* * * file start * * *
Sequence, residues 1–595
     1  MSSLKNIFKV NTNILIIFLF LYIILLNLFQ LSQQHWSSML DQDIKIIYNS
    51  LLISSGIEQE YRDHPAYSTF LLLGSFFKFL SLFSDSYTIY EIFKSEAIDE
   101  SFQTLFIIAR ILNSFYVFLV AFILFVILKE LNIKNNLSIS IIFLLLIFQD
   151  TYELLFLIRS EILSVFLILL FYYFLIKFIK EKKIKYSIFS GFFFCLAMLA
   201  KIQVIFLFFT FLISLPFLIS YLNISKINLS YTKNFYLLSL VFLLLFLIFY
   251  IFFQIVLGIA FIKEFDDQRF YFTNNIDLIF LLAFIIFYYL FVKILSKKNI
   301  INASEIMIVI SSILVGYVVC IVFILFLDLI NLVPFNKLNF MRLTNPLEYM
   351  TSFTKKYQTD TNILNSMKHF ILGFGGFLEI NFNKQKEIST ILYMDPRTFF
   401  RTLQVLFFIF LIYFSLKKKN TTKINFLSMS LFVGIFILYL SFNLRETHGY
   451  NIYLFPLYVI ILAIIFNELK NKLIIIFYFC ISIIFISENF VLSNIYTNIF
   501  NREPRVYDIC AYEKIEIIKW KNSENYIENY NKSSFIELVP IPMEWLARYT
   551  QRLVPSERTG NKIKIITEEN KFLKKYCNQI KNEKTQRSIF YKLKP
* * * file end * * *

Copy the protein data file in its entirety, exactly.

Sequence, residues 1–595
     1  MSSLKNIFKV NTNILIIFLF LYIILLNLFQ LSQQHWSSML DQDIKIIYNS
    51  LLISSGIEQE YRDHPAYSTF LLLGSFFKFL SLFSDSYTIY EIFKSEAIDE
   101  SFQTLFIIAR ILNSFYVFLV AFILFVILKE LNIKNNLSIS IIFLLLIFQD
   151  TYELLFLIRS EILSVFLILL FYYFLIKFIK EKKIKYSIFS GFFFCLAMLA
   201  KIQVIFLFFT FLISLPFLIS YLNISKINLS YTKNFYLLSL VFLLLFLIFY
   251  IFFQIVLGIA FIKEFDDQRF YFTNNIDLIF LLAFIIFYYL FVKILSKKNI
   301  INASEIMIVI SSILVGYVVC IVFILFLDLI NLVPFNKLNF MRLTNPLEYM
   351  TSFTKKYQTD TNILNSMKHF ILGFGGFLEI NFNKQKEIST ILYMDPRTFF
   401  RTLQVLFFIF LIYFSLKKKN TTKINFLSMS LFVGIFILYL SFNLRETHGY
   451  NIYLFPLYVI ILAIIFNELK NKLIIIFYFC ISIIFISENF VLSNIYTNIF
   501  NREPRVYDIC AYEKIEIIKW KNSENYIENY NKSSFIELVP IPMEWLARYT
   551  QRLVPSERTG NKIKIITEEN KFLKKYCNQI KNEKTQRSIF YKLKP